Alex Saab: The businessman linked to Nicolás Maduro and accused of corruption is extradited to the United States

Businessman Alex Saab, linked to the government of Nicolas Maduro, has been handed over to the United States, where he faces corruption charges, Cape Verde’s national radio reported this Saturday.

Saab is accused in the United States of money laundering charges and was identified in an investigation by the Armando.info portal as the main person responsible for a corruption plot in the subsidized food program of the Venezuelan government known as CLAP (Comités Locales de Abastecimiento y Production). He had been detained in Cape Verde, a West African archipelago, since June 12, 2020, at the request of the United States.

The Venezuelan government issued a statement denouncing the “kidnapping” of Saab by the United States government “in complicity with the Cape Verdean authorities, who tortured him and arbitrarily held him prisoner for 491 days.”

Jorge Rodríguez, head of the government delegation in the negotiations opened with the opposition in Mexico, announced that, after the delivery of Saab, the government suspended its participation in this dialogue process.

Opposition leader Juan Guaidó, recognized as interim president of Venezuela by Washington, congratulated himself because “those who turned hunger into a weapon of social control and into a business today are responding to justice.”

The US authorities accuse Saab of money laundering and of serving as a front man for Nicolás Maduro, president of Venezuela, in a wide network of drug trafficking, dollar laundering and the fraudulent award of millionaire official contracts.

After his arrest, the Venezuelan government assured that Saab is a diplomat traveling on an official mission and has insistently demanded his release.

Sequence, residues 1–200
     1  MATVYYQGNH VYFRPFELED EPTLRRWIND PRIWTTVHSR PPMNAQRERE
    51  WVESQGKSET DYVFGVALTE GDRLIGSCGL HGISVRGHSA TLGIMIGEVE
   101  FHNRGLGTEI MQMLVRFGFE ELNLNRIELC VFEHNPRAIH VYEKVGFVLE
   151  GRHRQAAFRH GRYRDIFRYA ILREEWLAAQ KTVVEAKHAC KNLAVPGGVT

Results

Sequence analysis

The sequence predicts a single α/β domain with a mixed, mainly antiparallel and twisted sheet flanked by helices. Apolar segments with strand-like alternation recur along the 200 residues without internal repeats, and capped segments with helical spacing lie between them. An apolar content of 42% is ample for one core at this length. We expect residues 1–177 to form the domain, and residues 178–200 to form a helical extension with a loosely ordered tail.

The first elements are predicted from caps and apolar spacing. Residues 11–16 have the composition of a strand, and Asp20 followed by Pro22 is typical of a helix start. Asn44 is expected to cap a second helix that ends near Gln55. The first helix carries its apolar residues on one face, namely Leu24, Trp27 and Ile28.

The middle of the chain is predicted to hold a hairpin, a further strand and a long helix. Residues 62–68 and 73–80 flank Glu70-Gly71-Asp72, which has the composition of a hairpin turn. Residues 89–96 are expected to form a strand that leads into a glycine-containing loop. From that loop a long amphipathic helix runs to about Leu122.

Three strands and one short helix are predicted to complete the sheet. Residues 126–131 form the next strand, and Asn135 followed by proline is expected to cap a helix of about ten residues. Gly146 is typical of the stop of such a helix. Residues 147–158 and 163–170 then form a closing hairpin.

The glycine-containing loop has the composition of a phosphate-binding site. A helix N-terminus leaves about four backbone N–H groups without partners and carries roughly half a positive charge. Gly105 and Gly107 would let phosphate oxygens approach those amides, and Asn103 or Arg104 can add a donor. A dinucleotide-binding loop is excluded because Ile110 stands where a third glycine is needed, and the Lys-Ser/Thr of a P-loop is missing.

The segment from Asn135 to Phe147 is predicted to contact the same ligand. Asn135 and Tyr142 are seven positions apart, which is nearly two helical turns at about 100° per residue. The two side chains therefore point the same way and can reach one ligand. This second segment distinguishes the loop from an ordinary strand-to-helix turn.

What accusations Saab faces

In July 2019, the US Department of Justice filed charges against Saab and another Colombian businessman, Álvaro Enrique Pulido, for allegedly having laundered up to $ 350 million dollars that they would have obtained through the exchange control system in Venezuela.

He is also accused of having amassed a fortune with contracts linked to the CLAP program that he would have hidden in a network of front companies in countries such as Turkey, Panama, Colombia, Mexico and the United Arab Emirates. His lawyers have always maintained that the accusations were “politically motivated.”

Saab was detained in Cape Verde in June 2020, on his way to Iran. Later, the Venezuelan government claimed that he was on a diplomatic mission in Caracas.

If convicted in the United States, Saab could face 20 years in prison.

Various information have indicated that the businessman, of Colombian origin, is very close to Nicolás Maduro and other senior Chavista leaders sanctioned by the United States or accused before the courts of that country, so there has been speculation about the possible potential of a hypothetical collaboration of Saab with the US authorities.

The president of Colombia, Iván Duque, who does not recognize the Maduro government, celebrated in a trill the news of Saab’s extradition.

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